Film magic and state-of-the-art technology

DIGITISATION. In 1925, parts of Rome were recreated in the Copenhagen suburb of Valby to shoot the silent movie 'Mists of the Past'. Now, 95 years later, A.W. Sandberg's melodrama will be enjoying its digital premiere. Discover more about the film's complex digitisation process, all the way from an underground nitrate archive in a forest glade to its release on the Danish Film Institute's silent film platform

Miles of film strips have passed through the hands of the Film Archive's employees and their high-tech machines that can clean, scan, adjust contrast, color correct and remove scratches and dust. Why? So the films can be experienced on the Danish Film Institute's silent film streaming site, which has been up and running since 2019.

One of these gems is 'Mists of the Past' ('Fra Piazza del Popolo') from 1925, now finally ready for its digital premiere. A.W. Sandberg's historical melodrama from Rome, the capital of Art, is one of the more than 400 silent films that are being made ready for streaming.

The film's production was huge, set at silent era film giant Nordisk Film in their studios in the small Copenhagen suburb of Valby, and was meant to help restore the company to its former international glory. In his report from the shooting, the correspondent of the Aftenposten newspaper wrote:

"(Sandberg) has built up entire districts of what was then Rome, narrow alleys, where coquettish, dainty Italian women look out from behind the green shutters, and matriarchal carabinieres march back and forth in front of picturesque warehouses, open squares with columns and doves and images of Mary and old ruins, where thistles and thorns grow in the cracks."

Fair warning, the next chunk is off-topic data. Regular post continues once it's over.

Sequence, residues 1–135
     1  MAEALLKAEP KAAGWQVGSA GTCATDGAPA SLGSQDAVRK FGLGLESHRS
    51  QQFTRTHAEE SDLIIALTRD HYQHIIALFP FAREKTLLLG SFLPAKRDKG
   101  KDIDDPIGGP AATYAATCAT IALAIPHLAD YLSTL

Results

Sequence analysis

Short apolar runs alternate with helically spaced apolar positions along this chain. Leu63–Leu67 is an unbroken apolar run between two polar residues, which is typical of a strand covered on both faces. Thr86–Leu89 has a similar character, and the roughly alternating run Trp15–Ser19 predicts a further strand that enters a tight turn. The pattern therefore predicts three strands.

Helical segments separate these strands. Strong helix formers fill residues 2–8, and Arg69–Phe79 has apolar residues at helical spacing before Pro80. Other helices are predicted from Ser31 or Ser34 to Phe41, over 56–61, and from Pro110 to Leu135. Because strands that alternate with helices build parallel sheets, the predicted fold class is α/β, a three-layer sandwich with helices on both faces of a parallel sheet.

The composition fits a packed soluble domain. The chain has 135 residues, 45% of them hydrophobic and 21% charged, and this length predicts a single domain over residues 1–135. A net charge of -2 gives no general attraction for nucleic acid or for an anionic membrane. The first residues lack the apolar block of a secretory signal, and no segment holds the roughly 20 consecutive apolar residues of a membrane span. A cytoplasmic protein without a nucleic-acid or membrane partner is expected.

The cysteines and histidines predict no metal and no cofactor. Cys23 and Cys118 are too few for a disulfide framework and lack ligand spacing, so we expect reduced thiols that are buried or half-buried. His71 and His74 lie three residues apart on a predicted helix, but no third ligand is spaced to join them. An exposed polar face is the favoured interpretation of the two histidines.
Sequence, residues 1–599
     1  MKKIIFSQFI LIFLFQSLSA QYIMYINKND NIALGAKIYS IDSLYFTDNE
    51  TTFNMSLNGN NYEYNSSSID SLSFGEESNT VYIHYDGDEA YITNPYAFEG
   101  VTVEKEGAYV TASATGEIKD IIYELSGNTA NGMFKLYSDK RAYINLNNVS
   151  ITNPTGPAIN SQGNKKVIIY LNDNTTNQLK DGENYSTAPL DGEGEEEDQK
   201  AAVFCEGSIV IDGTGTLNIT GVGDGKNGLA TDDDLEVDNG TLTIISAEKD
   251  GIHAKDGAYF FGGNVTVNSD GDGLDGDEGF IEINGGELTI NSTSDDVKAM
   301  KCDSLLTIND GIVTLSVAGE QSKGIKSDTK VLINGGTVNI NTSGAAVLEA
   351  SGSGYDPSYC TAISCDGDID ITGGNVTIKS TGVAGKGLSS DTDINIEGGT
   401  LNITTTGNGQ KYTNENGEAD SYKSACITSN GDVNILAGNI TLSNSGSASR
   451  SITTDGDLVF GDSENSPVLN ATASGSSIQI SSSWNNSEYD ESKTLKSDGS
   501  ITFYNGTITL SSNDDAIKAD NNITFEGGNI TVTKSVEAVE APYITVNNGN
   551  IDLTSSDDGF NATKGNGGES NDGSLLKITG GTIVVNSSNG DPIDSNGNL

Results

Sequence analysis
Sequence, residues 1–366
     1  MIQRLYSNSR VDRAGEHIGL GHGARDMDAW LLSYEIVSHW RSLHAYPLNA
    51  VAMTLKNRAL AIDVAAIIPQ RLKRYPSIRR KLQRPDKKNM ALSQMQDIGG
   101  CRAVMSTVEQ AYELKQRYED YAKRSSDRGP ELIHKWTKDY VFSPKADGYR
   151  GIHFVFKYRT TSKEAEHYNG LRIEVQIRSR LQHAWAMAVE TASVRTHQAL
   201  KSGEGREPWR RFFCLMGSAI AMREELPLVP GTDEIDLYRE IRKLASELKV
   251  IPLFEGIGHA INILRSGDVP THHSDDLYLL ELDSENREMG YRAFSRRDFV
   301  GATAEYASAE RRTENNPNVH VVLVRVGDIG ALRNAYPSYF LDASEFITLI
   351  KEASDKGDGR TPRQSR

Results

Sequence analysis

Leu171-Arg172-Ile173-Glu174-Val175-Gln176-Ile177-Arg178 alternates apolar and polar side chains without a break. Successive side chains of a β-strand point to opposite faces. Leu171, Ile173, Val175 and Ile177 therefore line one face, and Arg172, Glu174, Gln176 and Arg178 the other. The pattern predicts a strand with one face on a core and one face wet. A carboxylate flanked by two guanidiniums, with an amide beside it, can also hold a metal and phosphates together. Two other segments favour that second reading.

Pure Magic or Modern Technology? is a new theme on about the journey from analogue to digital, taking us through the process of transforming 'Mists of the Past' from strip to stream. The theme includes a video (see below) which follows the film's path from the underground nitrate archive in a forest north of Copenhagen to the Danish Film Institute archive's advanced technology, finally leading up to its release on

Video 'Mists of the Past: From Strip to Stream'

“The silent film era was a golden age of Danish cinema – both artistically and financially. Danish films from the period are of international interest, shown far beyond the country's borders. At the time, Hollywood was in Valby,” says curator Thomas Christensen.

“Nordisk Film's productions in particular had an international focus and a global audience, but in connection with World War I the company lost its status when Germany nationalised their film production in 1917, and Nordisk had to sell its German cinema empire. Their 60 cinemas in Central Europe had secured a steady income, which was invested in new productions back home in Valby, but in 1925, the year 'Mists of the Past' was made, Nordisk Film was in fierce competition with booming Hollywood. A few years later, Danish film production closed almost completely."

See 'Mists of the Past' ('Fra Piazza del Popolo', 1925) and read more in the theme Pure Magic or Modern Technology?


The golden age of Danish silent films is brought to life on the Danish Film Institute's streaming site

Here you can follow the digitisation of more than 400 works from the 1897-1928 period and watch the films.

Running until 2023, this film-archaeological project is both wide-ranging and unpredictable, as some of the old reels have not been viewed since the 1920s,

Since the launch of the site in November 2020, 81 films have been made available, and 100 more will be online by the end of 2020. In addition to watching the films, you can also find posters, photos, thematic articles, scripts and contemporary reviews. All is free to access.

The films are restored in full cinema quality so that they can also be shown at festivals. is the biggest film-dissemination effort ever in Denmark. Linked to it is a Danish-German research project mapping the cross-border traffic of ideas and people between the two leading nations of the silent film era.

The project is made possible by a donation of DKK 30 million from the A.P. Møller Foundation, the Aage and Johanne Louis-Hansen Foundation and the Augustinus Foundation.


Thomas C. Christensen
Tel. +45 3374 3576